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EU states agree caps on wholesale roaming charges

A paper with the word 'Roaming', crossed out, is seen on the desk of a Member of the European Parliament during a debate in Strasbourg

EU states agreed a preliminary compromise on Wednesday on how much mobile telecoms operators can charge each other to keep their customers connected while abroad, easing concerns that a flagship EU policy to end retail roaming fees could backfire.

Anxious to revive support for the European Union amid a surge in nationalism of the kind that saw Britain vote to quit the bloc, the EU has trumpeted a scheme that will end the unpopular practice of operators charging additional fees when people make calls or use the Internet in other EU countries.

But the looming end to retail roaming fees next June was accompanied by concerns that, without an agreement to cap the wholesale charges operators impose on each other to make the roaming system work, some firms might stop offering the service or recoup lost revenue by jacking up prices at home.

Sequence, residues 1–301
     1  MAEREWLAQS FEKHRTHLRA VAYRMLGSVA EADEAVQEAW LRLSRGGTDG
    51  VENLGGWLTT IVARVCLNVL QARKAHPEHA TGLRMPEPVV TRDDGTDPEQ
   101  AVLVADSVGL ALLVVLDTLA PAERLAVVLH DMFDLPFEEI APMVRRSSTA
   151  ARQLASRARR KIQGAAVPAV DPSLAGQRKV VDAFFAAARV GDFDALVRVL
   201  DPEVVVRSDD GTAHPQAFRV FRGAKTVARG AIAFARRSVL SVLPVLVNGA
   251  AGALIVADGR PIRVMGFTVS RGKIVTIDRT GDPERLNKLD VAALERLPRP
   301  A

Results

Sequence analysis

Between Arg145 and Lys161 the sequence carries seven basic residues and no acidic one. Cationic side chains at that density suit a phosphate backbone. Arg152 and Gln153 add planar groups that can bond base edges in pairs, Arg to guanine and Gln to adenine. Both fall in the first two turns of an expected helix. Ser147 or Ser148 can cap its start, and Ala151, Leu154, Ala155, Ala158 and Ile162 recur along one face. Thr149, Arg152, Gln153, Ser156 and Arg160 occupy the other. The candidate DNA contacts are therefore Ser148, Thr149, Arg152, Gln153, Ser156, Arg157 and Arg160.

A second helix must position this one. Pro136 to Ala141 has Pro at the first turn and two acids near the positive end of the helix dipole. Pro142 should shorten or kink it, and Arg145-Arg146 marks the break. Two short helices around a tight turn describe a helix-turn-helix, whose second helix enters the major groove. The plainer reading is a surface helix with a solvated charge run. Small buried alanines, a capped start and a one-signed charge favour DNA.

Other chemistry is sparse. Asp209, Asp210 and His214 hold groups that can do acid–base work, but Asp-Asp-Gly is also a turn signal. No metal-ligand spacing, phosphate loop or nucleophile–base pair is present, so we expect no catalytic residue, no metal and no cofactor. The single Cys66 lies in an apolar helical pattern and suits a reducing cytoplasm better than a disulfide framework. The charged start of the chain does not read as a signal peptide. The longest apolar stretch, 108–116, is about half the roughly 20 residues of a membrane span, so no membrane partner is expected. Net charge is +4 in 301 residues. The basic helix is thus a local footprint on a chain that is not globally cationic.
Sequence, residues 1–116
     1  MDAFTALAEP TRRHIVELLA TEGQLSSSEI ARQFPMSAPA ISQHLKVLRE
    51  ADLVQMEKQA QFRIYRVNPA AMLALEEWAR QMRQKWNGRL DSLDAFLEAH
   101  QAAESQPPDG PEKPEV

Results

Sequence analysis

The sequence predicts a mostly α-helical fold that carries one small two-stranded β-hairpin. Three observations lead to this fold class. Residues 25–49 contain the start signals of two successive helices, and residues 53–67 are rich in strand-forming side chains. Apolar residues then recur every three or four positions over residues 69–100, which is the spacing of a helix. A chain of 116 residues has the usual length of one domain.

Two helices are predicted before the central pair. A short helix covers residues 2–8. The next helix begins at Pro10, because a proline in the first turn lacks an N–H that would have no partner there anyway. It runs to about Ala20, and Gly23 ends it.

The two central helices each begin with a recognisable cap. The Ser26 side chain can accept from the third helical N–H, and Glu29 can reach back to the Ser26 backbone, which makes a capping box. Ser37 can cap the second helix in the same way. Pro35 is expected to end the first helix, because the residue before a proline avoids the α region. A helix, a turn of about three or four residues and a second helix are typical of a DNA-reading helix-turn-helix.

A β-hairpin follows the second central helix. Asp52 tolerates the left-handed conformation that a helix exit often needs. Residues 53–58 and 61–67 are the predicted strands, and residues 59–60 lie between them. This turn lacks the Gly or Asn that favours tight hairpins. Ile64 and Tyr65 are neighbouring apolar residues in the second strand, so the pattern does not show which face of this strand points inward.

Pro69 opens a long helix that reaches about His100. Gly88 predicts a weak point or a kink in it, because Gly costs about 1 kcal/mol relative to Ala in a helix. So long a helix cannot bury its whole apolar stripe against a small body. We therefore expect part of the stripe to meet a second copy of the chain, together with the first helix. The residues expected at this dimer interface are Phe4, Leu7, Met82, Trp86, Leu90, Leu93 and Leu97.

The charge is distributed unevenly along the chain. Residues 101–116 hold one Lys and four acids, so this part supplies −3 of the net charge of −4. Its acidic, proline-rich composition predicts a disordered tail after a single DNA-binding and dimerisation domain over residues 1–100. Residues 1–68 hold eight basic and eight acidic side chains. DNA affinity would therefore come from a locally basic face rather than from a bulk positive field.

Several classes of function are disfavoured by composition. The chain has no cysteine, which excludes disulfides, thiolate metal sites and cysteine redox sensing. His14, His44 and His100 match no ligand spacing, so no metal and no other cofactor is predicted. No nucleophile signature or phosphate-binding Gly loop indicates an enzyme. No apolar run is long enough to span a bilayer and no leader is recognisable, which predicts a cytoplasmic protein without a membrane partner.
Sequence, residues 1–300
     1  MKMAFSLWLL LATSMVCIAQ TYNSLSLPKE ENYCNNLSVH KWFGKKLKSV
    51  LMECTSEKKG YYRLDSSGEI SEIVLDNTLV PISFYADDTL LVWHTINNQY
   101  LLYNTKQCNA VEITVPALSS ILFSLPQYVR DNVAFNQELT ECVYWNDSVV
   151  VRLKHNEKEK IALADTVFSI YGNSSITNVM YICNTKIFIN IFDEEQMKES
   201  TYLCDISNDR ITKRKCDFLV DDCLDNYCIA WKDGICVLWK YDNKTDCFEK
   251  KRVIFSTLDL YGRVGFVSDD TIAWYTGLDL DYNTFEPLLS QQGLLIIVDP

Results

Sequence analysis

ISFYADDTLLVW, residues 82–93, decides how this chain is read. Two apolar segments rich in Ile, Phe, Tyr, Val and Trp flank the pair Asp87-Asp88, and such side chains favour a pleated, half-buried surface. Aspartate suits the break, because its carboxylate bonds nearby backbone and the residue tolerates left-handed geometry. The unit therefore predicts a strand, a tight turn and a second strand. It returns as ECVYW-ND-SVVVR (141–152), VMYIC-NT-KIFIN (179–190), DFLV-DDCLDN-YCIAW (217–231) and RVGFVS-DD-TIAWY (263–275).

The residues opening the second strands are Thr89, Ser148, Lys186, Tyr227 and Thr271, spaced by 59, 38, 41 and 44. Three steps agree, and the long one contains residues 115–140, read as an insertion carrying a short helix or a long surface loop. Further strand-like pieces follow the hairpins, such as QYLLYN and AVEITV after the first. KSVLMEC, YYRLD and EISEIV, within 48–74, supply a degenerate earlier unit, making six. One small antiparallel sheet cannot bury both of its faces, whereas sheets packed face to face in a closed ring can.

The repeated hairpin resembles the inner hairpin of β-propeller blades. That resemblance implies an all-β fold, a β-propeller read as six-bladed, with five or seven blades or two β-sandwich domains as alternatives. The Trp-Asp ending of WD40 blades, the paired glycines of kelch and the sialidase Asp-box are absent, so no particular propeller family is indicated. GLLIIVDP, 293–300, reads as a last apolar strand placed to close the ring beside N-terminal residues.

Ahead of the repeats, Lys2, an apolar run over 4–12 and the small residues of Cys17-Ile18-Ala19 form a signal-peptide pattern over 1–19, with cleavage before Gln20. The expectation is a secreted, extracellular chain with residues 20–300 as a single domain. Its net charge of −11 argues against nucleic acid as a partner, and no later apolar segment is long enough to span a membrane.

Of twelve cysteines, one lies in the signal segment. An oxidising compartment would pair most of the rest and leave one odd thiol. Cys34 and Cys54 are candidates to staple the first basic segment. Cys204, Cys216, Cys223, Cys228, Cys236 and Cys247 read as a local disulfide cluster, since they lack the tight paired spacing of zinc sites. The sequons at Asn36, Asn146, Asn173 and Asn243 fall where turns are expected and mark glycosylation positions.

Wholesale charges for data had been the main sticking point.

EU envoys backed a proposal by Slovakia, which holds the rotating EU presidency, to set a glidepath for wholesale roaming data charges that will see them capped at 1 euro cent per megabyte — €10 per gigabyte — in June and decreasing to €0.5 per megabyte from June 2021, diplomats said.

Sending a holiday snap can consume about a megabyte.

They also backed a Spanish proposal that would let operators hosting EU tourists on their networks charge more than the wholesale cap in exceptional circumstances if they are unable to recover their costs, two of the sources said. Breaching the cap will need prior approval from regulators.

However the surcharge will be limited so that the final amount a foreign operator will have to pay will not exceed €8.50 per gigabyte, meaning that operators would only have an incentive to levy a surcharge from 2019 onwards, when the wholesale cap dips below that level.

Wednesday’s agreement still needs to be confirmed by ministers in December and be approved by the European Parliament before becoming law.

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